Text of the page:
Everyone knows the saying: “There’s no ‘I’ in ‘team.’” That’s never been truer than of Team Orthodontics, where the mission is simple: enhance patients’ lives in a positive and significant way. It’s a theme that runs through the veins of every Team Ortho employee.
Hello Ahwatukee readers! Although I do not write book reviews in the summer months, I do continue reading, perhaps more than ever. Lucky enough to spend summers in the cool pines of Northern Arizona, I walk a lot and an audio book is my constant companion. I was having a difficult time trying to choose which book to review as I start a new season, so I elected to do eight mini reviews instead of one long one. I’ll try to capture their essence briefly. Here’s the first one:
Sports drinks were first created in the 1960s. Gatorade, for example, was developed by researchers at the University of Florida to help athletes replace water lost as a result of exercise and exposure to heat and humidity. The product included water, small amounts of carbohydrates/sugars, and electrolytes. People who exercise, especially in the Arizona heat, need to replace water on a regular basis. However, experts indicate that, except for those who are vigorously active, special sports drinks are not necessary — water does the job.
Advertised as a path to an affordable retirement, federally insured reverse mortgages are showing signs of a rebound, drawing the scrutiny of regulators seeking to reduce historically high default rates that have cost the government billions.
Voiceover:"Terrorist threats are growing. Are we secure? Are we protected?"Keeping us safe and secure is Congress' job. Kyrsten Sinema hasn't done her job."Sinema voted in Congress to give terrorists full legal rights under the Constitution."Sinema voted in Congress to allow Guantanamo terrorists to return to their countries."It's true. It's wrong."Kyrsten Sinema allowed her liberal agenda to get in the way of our safety."For more, please visit: http://wendyrogers.org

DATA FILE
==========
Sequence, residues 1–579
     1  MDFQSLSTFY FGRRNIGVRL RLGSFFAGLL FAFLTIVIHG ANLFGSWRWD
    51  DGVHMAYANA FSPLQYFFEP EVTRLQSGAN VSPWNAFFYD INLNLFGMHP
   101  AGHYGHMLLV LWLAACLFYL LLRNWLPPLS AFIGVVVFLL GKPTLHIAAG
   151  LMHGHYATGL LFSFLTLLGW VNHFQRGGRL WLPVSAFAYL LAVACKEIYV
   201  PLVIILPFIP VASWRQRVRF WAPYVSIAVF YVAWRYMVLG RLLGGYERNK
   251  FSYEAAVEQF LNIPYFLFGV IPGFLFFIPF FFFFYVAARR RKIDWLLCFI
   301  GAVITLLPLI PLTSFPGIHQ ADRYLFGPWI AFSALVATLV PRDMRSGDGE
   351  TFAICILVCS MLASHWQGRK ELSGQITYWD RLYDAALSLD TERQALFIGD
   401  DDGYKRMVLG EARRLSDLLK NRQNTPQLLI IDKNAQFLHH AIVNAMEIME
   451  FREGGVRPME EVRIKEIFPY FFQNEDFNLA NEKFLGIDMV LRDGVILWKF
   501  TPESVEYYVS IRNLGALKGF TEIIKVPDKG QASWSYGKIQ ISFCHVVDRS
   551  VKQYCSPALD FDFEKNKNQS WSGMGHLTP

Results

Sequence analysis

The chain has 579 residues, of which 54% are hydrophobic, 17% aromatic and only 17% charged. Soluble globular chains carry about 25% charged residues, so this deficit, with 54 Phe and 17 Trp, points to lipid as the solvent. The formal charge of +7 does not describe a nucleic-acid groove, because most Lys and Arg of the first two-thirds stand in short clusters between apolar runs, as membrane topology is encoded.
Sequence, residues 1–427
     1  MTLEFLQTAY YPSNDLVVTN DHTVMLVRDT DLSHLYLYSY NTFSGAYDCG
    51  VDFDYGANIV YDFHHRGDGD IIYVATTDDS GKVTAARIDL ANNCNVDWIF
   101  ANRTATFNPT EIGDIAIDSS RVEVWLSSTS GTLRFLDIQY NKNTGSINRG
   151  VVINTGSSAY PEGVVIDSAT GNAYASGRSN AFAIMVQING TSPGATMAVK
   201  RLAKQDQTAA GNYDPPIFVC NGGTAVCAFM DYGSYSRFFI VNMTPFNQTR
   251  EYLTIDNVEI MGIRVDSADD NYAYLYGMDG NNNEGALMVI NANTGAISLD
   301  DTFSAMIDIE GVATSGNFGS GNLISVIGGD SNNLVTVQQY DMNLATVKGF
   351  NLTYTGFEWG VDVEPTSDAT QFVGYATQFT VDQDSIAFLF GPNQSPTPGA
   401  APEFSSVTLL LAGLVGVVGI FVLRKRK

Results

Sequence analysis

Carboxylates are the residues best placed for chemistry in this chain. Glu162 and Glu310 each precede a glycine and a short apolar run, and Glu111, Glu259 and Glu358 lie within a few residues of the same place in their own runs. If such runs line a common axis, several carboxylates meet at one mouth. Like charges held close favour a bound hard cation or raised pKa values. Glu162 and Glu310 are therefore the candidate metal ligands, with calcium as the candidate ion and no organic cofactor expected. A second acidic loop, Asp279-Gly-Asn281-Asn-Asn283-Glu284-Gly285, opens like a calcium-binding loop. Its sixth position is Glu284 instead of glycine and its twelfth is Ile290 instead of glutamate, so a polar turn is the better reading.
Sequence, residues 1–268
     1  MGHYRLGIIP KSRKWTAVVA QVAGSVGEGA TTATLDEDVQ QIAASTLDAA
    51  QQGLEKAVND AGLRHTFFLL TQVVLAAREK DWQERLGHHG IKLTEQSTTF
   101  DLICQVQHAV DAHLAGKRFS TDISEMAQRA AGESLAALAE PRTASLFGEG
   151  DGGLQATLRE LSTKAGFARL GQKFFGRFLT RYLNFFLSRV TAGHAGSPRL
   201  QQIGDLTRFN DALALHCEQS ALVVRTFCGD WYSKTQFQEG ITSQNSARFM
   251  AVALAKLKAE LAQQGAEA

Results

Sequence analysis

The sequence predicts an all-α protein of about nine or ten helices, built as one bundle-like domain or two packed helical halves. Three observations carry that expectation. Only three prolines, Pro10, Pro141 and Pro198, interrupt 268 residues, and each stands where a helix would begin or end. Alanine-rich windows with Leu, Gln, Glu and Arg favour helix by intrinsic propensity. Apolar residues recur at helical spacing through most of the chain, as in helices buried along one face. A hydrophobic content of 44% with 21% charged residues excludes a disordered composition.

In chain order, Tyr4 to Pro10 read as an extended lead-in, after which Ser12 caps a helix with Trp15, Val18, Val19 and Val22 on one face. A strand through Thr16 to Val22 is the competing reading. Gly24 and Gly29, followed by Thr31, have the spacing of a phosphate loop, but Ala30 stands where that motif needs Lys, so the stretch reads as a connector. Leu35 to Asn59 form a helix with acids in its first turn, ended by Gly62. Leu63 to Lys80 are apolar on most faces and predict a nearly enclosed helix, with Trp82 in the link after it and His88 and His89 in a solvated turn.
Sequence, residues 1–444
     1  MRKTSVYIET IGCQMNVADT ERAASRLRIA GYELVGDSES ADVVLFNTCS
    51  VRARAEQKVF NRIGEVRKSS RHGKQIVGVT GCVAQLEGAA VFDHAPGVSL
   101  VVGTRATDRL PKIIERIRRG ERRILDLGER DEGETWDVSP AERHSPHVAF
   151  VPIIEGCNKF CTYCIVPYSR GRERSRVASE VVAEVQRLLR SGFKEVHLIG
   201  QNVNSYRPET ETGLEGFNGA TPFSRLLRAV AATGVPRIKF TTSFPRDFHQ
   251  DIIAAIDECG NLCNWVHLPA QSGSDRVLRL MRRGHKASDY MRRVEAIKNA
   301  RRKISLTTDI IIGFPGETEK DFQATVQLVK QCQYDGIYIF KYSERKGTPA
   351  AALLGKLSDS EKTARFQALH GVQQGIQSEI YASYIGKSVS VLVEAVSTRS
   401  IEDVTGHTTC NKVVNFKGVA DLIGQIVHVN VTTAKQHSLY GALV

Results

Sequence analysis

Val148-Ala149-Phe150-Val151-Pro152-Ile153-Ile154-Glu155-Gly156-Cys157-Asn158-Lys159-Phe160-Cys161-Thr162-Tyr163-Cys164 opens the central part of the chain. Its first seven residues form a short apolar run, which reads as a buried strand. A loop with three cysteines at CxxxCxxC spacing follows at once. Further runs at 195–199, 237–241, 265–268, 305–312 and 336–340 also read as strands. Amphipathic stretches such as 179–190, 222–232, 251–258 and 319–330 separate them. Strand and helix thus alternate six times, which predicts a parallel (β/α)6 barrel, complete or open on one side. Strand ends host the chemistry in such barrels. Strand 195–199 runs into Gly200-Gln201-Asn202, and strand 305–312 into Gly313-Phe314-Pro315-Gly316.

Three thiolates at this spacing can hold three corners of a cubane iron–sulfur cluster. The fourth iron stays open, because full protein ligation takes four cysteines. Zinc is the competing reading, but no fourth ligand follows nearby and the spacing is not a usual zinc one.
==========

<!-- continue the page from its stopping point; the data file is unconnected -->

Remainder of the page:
On Oct. 4 the Cystic Fibrosis Foundation will host an obstacle course-style athletic competition and stair climbing event in downtown Phoenix. Funds raised during the event will be put to work in laboratories, where researchers are working to find a cure for this genetic disease affecting the lives of more than 30,000 children and young adults in the United States.
As the father of an Arizona State University student, former ASU police officer and former member of the Tempe Police Citizen’s Review Board, I read the Sunday front-page Arizona Republic story, “ASU PD staffing trails campus growth,” with considerable interest.
When Ann and Glen Gage downsized from their expansive home and garden in Switzerland to a San Francisco town house, one of the things they missed most was the koi pond they’d built and tended for years. It was brimming with elegant plants, fish and its own ecosystem.
In the opinion pages of the Aug. 29 Arizona Republic, readers were told for the second time in August about the growing gang problems in the Salt River Pima-Maricopa Community, problems that have spread beyond Salt River and into the East Valley and beyond. Gangs have long been a problem there and continue to grow in boldness. Last May gangsters murdered a Salt River police officer across the street from an upscale Scottsdale neighborhood. Attacks on police and community members are all too common.
To drive down the 101 and admire Talking Stick Resort, Salt River Fields and pristine farmland you’d never guess that beyond the obvious beauty and the increasing wealth of the Salt River Pima-Maricopa Indian Community there exists an extremely serious crime problem. A crime problem driven by organized crime gangs with ties to prison gangs and, ultimately Mexico based drug cartels, whose crime sprees don't stop at tribal boundaries, but extend well into the bordering cities of Mesa, Phoenix, Scottsdale, Tempe and beyond.
At schools such as Mountain Pointe in Ahwatukee, students take a fitness education class designed to help them become physically literate and meet Arizona Department of Education standards for physical education. One of the standards requires students to “demonstrate understanding of movement concepts, principles, strategies, and tactics as they apply to learning and performance of physical activities.” Two specific performance outcomes describe student expectations. Specifically students must be able to: (1) “Explain the difference between facts and myths related to physical activity,” and (2) “Identify and describe products that enhance or prohibit levels of physical activity.”
In a small community hospital in the East Valley a group of nurse-midwives is rocking the birth world. “When women are offered the evidence based midwifery model of care and appropriate collaborative practice, this is the face of hospital-based midwifery,” said Belinda Hodder, certified nurse-midwife of Valley Women for Women, a British-trained midwife (certified nurse-midwives are advanced practice registered nurses, most with master’s degrees in nursing).
Attorney General candidates Republican Mark Brnovich and Democrat Felecia Rotellini debate at the East Valley Tribune office in Tempe on Thursday, Sept. 26, 2014.Question 2: What are your thoughts on the restriction on RU486 and should the state continue to pursue the case to the Supreme Court?